Women's health toolkit

This Women’s Health Hub is categorised into sections best representing the needs of women at different stages of their lives.

Top tips for managing heavy menstrual bleeding in primary care

  1. Heavy menstrual bleeding is common; one in five women experience heavy periods with one in 20 women aged 30-49 presenting to primary care each year.
  2. HMB affects a woman’s physical, psychological and social health and wellbeing.
  3. The history of the problem and any co-morbidities determine if examination and investigations are required.
  4. HMB occurring in women with obesity or any condition causing unopposed oestrogen excess requires investigation to exclude endometrial hyperplasia and cancer, rates of which are rising in the UK.
  5. Treat without further need to examine or investigate if there are no additional symptoms and low risk for endometrial pathology.
  6. Basic laboratory investigations include:
  • FBC for all
  • Testing for coagulation disorders only if HMB since menarche or personal/FH of coagulation disorder
  • Consider sexual health screen
  • Cytology if due
  • No indication for testing thyroid function, hormone levels or ferritin without the presence of additional symptoms.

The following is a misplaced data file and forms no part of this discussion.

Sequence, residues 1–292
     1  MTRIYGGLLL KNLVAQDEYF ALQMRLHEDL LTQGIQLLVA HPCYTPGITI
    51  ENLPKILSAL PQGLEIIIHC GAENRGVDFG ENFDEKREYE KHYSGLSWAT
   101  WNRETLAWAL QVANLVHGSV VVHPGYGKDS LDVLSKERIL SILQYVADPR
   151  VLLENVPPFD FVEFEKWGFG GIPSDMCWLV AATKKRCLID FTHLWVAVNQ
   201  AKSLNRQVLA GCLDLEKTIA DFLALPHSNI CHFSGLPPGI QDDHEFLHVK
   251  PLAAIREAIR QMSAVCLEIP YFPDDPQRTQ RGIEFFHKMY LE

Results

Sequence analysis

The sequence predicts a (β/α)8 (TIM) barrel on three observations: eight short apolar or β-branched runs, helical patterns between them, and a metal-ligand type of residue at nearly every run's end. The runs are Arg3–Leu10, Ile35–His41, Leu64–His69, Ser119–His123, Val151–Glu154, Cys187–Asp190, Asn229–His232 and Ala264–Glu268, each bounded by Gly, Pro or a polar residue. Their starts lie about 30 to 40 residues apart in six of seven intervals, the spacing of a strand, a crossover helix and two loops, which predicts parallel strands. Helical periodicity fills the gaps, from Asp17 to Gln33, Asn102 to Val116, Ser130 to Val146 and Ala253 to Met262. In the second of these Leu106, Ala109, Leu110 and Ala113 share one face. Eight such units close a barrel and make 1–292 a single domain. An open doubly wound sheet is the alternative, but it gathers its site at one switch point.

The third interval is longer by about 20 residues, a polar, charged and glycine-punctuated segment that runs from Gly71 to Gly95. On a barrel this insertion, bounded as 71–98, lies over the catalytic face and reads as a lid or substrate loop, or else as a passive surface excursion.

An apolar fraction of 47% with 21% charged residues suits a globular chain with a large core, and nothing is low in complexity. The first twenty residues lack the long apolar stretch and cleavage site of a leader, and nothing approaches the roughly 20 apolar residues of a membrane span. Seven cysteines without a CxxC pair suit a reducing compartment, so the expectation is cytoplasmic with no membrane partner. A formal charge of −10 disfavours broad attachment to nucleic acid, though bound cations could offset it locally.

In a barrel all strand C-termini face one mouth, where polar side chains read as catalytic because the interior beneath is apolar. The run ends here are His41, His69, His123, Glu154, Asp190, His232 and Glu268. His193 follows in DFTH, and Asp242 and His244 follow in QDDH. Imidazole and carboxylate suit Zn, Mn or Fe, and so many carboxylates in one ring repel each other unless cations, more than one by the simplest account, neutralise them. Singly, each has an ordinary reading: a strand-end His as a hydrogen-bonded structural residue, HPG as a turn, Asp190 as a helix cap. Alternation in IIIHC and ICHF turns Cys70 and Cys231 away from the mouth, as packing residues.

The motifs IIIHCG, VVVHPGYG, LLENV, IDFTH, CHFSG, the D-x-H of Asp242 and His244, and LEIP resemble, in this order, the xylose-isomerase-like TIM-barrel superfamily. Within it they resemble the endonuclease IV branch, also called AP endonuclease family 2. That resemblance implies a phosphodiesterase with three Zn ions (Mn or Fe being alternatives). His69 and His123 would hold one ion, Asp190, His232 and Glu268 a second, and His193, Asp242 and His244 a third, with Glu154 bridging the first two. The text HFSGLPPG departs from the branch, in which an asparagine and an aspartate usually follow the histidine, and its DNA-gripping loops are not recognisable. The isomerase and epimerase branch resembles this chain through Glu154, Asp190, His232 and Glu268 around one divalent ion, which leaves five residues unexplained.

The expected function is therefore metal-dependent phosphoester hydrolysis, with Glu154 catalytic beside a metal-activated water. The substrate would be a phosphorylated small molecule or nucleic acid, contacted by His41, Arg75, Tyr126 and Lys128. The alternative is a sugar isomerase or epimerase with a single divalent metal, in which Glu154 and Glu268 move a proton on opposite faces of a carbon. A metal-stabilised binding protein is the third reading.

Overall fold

1. Recommended investigations for women with HMB:

Pelvic ultrasound scan (trans-vaginal preferably) for possible larger fibroids or adenomyosis:

  • Enlarged uterus/ pelvic mass/ pelvic pressure symptoms
  • Dysmenorrhea

Hysteroscopy for possible endometrial pathology (hyperplasia/polyps/submucosal fibroids). Persistent irregular and/or intermenstrual bleeding:

  • Infrequent heavy bleeding plus obesity or PCOS
  • Late menopause (over 55)
  • Use of tamoxifen
  • FH Breast/bowel/ovary cancer
  • Abnormal ultrasound scan findings
  • If previous treatment unsuccessful
  1. Treat with tranexamic acid +/- analgesia at first visit, including while waiting for further investigations or referral.
  2. Future treatments depend on investigation findings, imminent fertility requirements, risk assessment and informed patient choice:

Hormonal:

i. Levonorgestrel intra-uterine system

ii. Combined hormonal contraception

iii. Long-cycle or continuous progestogens

Non-hormonal:

i. Tranexamic acid (1.5g three or four times daily)

ii. Plus/or NSAID of choice

Surgery referral:

i. Fibroid resection or embolization

ii. Endometrial ablation

iii. Hysterectomy

  1. Following endometrial ablation women require reliable contraception and combined HRT preparations for menopausal symptoms even if amenorrhoeic.